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Ascendance Rep found its first audience in art galleries, libraries and museums. Theatre dates are now regularly on the schedule and the company’s fan base is growing.
Two pieces seen on limited view last year have been reworked for this season’s Chaps tour. Gary Clarke’s Social Disease is inspired by the art of Andy Warhol and Tom Roden’s The Up and Down People looks with a wry twinkle at people’s highs and lows.
Social Disease has the dancers in Warhol wigs trying to look cool but only succeeding in being very self conscious. They strut and posture superbly. The Up and Down People has dancers entering as if astride recumbent bicycles. They spring up but not all the way up because their mood might be in between. Paradox follows paradox.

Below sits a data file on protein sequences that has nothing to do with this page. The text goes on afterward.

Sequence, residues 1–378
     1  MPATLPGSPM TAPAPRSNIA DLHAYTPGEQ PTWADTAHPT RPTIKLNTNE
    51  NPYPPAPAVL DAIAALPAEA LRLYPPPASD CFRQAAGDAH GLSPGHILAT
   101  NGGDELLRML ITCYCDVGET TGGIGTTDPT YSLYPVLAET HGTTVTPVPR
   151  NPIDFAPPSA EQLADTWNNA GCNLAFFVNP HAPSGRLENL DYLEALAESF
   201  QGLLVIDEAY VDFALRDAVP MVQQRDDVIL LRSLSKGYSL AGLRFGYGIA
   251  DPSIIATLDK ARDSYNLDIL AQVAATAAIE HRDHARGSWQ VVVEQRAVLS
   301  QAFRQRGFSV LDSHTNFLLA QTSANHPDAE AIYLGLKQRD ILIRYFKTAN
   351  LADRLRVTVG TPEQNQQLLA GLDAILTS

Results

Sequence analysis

Paul Wilkinson, a new recruit to Ascendance Rep, has moments of fun physical humour and he shares funny recollections of being on a railway station platform. Anna Bjerre Larsen stirs this piece.
For Jan De Schynkel’s Habitual Welders the four dancers are joined by Charis Osborne, the company’s education coordinator. Danced to atmospheric medieval music it has much for the audience to respond to. Dressed in workshop blue the dancers have intriguing duets with heartfelt relationships and dramatic encounters.
This programme is ideal for newcomers to contemporary dance but at the same time it has appeal for the experienced eye. It is an achievement that Rachel Wesson, Ascendance Rep’s artistic director, should be delighted with. It is what she has always striven for.
Production information can change over the run of the show.